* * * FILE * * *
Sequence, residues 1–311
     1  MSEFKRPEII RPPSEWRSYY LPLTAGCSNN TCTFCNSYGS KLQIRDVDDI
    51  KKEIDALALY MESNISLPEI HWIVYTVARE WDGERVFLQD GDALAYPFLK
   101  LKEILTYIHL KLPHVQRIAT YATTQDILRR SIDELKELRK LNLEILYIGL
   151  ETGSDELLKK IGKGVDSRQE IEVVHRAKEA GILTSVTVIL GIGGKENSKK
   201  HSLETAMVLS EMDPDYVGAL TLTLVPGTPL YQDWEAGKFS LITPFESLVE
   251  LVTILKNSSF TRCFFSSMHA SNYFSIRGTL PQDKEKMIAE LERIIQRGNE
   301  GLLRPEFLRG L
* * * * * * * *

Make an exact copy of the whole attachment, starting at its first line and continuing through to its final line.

Sequence, residues 1–311
     1  MSEFKRPEII RPPSEWRSYY LPLTAGCSNN TCTFCNSYGS KLQIRDVDDI
    51  KKEIDALALY MESNISLPEI HWIVYTVARE WDGERVFLQD GDALAYPFLK
   101  LKEILTYIHL KLPHVQRIAT YATTQDILRR SIDELKELRK LNLEILYIGL
   151  ETGSDELLKK IGKGVDSRQE IEVVHRAKEA GILTSVTVIL GIGGKENSKK
   201  HSLETAMVLS EMDPDYVGAL TLTLVPGTPL YQDWEAGKFS LITPFESLVE
   251  LVTILKNSSF TRCFFSSMHA SNYFSIRGTL PQDKEKMIAE LERIIQRGNE
   301  GLLRPEFLRG L